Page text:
Fitbit Premium Sleep Profile categorizes your sleeping habits based on one of six cartoon animals. The feature tracks 10 sleep-related metrics so users can get an overview of how their routines are affecting their sleep and find areas where they can improve. Given that the Pixel Watch already tracked the majority of these sleep metrics, it was odd that it was originally reserved for Fitbit devices.
Another advantage: normally, you need to log 14 nights of sleep in a month to get a sleep profile on the first day of the following month. But, if you logged 14 nights of sleep in October, Google says you should see your Pixel Watch sleep profile on November 22 instead of waiting until December 1.
Meanwhile, Fitbit promised Google Wallet and Google Maps would come to Sense 2 and Versa 4 back in august. What he didn’t say was that previously available smartwatch features would disappear from both devices, including Google Assistant and third-party apps. This resulted in two watches that somehow offered less than their predecessors.
Along with Google Wallet, Sense 2 and Versa 4 will give users more options when it comes to contactless payments, a feature common to modern smartwatches. Fitbit Pay has been around for a while, but Google Wallet has better integration with Android phones and is more widely accepted. This takes away at least some of the sting of the other missing smart features.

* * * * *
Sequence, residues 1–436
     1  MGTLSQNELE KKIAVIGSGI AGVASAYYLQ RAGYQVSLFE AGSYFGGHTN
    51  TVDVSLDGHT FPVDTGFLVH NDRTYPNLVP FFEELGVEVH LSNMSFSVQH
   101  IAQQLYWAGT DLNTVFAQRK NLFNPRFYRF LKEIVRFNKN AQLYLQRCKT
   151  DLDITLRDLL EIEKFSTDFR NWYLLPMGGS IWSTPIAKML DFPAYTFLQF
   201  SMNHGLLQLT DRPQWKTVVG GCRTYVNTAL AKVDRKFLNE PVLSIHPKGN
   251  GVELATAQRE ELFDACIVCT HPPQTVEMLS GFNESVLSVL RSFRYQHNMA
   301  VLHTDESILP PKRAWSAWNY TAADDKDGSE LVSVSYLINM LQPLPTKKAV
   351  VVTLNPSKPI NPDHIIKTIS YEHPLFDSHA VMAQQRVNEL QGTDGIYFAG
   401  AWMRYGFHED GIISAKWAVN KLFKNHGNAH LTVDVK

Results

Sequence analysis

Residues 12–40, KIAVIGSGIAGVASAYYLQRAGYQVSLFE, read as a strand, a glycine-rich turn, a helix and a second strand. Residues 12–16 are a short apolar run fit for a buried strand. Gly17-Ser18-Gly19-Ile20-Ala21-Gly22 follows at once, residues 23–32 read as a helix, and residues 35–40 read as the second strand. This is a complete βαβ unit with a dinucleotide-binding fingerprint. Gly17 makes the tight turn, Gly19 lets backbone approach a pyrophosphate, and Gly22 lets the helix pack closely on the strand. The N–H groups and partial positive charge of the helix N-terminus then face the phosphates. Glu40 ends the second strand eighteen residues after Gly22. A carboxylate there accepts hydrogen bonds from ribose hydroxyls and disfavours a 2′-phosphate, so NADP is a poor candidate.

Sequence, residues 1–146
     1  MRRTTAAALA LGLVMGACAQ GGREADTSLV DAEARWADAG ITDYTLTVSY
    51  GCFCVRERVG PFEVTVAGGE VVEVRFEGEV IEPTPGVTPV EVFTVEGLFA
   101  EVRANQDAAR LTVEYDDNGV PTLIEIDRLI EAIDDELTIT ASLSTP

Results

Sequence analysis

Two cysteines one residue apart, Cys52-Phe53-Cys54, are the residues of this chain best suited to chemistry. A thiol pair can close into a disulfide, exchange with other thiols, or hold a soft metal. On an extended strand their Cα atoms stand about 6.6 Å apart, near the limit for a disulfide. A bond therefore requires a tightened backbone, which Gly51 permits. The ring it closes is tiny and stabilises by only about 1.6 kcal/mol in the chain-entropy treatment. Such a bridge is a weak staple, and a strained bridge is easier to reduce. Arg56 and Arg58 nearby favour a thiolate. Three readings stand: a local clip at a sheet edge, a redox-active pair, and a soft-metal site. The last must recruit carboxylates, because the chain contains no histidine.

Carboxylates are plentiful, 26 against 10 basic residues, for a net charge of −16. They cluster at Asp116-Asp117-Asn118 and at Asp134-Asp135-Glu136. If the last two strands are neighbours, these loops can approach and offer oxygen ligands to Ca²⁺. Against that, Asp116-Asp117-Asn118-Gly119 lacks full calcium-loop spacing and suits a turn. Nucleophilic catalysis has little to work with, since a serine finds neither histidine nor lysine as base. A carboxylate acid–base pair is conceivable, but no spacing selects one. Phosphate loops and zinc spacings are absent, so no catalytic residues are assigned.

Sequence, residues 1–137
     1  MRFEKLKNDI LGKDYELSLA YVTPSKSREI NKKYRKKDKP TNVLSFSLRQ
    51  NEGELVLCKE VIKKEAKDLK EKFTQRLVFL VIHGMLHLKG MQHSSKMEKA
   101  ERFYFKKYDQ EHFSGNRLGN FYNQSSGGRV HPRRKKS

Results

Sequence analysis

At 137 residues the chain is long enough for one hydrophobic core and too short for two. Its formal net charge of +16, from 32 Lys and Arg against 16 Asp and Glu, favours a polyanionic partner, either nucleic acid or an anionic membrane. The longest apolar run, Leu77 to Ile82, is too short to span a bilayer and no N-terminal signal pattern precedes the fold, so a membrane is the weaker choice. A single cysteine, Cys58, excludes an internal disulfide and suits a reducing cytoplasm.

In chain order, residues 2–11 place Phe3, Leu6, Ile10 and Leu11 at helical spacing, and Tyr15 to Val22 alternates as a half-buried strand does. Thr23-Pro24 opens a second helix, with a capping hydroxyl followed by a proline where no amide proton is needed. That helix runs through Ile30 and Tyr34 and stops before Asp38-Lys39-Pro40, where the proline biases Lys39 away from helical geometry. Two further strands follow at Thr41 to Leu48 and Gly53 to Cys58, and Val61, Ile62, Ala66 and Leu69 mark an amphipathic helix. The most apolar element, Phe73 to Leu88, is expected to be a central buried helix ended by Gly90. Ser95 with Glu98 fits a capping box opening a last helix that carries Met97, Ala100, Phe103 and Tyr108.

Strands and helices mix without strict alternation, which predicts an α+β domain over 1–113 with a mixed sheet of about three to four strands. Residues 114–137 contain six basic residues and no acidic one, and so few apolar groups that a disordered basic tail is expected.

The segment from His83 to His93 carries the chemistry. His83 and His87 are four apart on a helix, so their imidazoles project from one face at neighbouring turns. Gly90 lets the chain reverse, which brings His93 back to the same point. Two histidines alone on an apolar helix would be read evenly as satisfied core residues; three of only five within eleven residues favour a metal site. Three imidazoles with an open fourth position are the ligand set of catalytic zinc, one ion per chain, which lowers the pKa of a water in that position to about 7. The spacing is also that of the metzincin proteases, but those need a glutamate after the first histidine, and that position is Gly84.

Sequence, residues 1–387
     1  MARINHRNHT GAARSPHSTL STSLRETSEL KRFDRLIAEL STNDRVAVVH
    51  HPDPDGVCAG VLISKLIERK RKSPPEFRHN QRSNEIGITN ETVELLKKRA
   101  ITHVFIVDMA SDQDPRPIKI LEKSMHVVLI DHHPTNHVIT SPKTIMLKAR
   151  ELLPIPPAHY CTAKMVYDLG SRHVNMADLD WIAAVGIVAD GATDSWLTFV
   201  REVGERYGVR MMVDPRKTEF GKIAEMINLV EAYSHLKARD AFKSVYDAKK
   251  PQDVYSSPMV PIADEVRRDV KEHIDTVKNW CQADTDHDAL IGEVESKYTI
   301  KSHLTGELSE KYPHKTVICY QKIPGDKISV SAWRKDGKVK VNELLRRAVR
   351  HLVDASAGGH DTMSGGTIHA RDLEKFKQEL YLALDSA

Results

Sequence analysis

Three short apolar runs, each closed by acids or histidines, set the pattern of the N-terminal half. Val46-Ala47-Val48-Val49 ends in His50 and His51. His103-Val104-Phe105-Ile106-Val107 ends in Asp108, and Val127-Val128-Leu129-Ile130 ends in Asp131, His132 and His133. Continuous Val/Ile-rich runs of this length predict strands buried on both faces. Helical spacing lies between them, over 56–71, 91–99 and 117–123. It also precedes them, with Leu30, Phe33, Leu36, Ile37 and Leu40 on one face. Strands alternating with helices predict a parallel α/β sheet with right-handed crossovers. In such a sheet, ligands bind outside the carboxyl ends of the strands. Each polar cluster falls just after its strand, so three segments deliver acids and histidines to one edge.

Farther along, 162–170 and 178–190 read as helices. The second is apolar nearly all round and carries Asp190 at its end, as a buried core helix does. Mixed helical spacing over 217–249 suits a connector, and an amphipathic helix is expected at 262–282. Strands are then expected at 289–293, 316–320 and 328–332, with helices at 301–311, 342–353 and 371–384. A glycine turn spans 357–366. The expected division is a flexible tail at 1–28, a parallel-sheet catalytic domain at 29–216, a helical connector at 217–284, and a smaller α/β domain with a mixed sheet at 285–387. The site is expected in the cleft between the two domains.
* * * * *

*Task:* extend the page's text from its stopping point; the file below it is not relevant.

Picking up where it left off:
Ultimately, these are two minor fixes. Google Maps is still missing from the Sense 2 and Versa 4, as are third-party apps and Google Assistant. Pixel Watch’s sleep tracking has improved, but you still don’t get SpO2 percentages, and bedtime mode still has to be manually activated at night. The most encouraging takeaways are that Google is taking less time to deliver long-promised features and that, in the case of the Pixel Watch, it’s open to improving the watch’s Fitbit integration. Google and Fitbit still have some work to do with this confusing wearable lineup, but it’s at least a small step in the right direction.